At, High Court of Judicature at Madras
By, THE HONOURABLE MR. JUSTICE M. JAICHANDREN
For the Petitioner : V. Raghavachari, Advocate. For the Respondent: L.N. Praghasham, A.V. Bharathi, Advocates.
(This writ petition is filed under Article 226 of the Constitution of India praying for the issuance of a writ of Certiorarified Mandamus to call for the records on the file of the respondent in proceedings No.TIIC/KKD/LAO-I/2000-01 and dated 9.1.2001 and quash the same as illegal, incompetent and without jurisdiction and to further direct the respondent herein to consider the proposal of the petitioner for waiver dated 27.3.2000.)
Heard the learned counsel appearing for the petitioner and the learned counsel appearing for the respondent.
2. It is stated on behalf of the petitioner that a loan for a sum of Rs.5,37,900/- had been taken from the respondent in the month of January, 1994, for commencing an oil mill at Kooturavupatti village in Sivaganga Taluk. However, after the construction of the factory and the installation of the machineries, there was a glut in the market due to the availability of palm oil at a very low price. In spite of the petitioner mill suffering due to various reasons, a sum of nearly Rs.3,00,000/- was deposited with the respondent. However, without considering the totality of the circumstances, the respondent had taken possession of the factory, on 27.3.1998, without following the procedure known to law. When the respondent brought the property for auction, there were no bidders. Thereafter, the petitioner had offered to deposit Rs.1/4th of the sum claimed by the respondent and had also undertaken to pay the balance subject to the respondent waiving the interest. Since the respondent had accepted the offer, the petitioner had paid a sum of Rs.3,25,000/-, on 27.3.2000 and the possession of the factory had also been taken. In spite of the deposit being made, the respondent had issued the impugned notice, dated 9.1.2001, without following the due procedures established by law. Aggrieved by the said impugned order, the petitioner had preferred the present writ petition, under Article 226 of the Constitution of India praying the reliefs as stated therein.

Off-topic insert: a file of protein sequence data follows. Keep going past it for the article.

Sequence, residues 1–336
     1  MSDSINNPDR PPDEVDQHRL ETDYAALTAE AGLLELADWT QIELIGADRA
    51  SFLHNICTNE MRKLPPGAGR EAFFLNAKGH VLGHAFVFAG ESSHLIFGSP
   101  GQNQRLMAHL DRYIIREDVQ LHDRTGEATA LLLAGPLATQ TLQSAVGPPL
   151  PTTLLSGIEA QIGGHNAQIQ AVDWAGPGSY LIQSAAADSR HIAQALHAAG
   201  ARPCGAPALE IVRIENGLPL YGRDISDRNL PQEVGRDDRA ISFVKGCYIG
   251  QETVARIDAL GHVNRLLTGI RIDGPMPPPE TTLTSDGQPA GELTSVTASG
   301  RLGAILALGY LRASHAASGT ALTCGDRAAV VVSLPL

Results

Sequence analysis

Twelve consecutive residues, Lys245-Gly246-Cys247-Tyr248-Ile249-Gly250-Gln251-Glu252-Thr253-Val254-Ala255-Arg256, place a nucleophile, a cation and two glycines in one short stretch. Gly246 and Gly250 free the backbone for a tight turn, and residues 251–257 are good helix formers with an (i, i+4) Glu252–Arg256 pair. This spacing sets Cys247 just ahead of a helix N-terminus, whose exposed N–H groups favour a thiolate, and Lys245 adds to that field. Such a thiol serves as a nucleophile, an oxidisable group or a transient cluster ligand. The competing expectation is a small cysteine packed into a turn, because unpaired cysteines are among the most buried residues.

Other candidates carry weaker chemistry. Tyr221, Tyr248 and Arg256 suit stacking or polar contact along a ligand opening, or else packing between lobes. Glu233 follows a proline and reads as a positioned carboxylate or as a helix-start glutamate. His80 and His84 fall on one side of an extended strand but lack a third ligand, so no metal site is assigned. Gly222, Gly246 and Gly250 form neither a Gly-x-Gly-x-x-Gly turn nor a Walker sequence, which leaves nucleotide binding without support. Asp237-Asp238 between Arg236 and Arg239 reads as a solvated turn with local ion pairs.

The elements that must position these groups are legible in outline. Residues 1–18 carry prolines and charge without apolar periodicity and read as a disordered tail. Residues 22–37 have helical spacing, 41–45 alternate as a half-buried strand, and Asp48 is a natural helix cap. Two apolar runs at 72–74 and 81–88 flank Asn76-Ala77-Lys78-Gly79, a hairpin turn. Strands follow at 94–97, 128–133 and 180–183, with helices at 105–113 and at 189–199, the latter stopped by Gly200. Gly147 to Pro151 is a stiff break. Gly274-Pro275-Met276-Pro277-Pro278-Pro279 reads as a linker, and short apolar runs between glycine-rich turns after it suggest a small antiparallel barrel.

3. At the stage of the hearing of the writ petition, the learned counsel appearing for the respondent had submitted that the entire amount due from the petitioner had been paid to the respondent and that the respondent had returned the original documents belonging to the petitioner, based on which the loan had been granted.
4. The learned counsel appearing for the petitioner had not refuted the submissions made by the learned counsel appearing for the respondent.
5. Considering the submissions made by the learned counsels a
Please Login To View The Full Judgment!
ppearing for the parties concerned, this Court is of the considered view that no further orders are required to be passed in the present writ petition. Hence, the writ petition stands closed. Consequently, connected W.M.P.No.1642 of 2001, M.P.Nos.18900 and 18901 of 2006 are closed. No costs.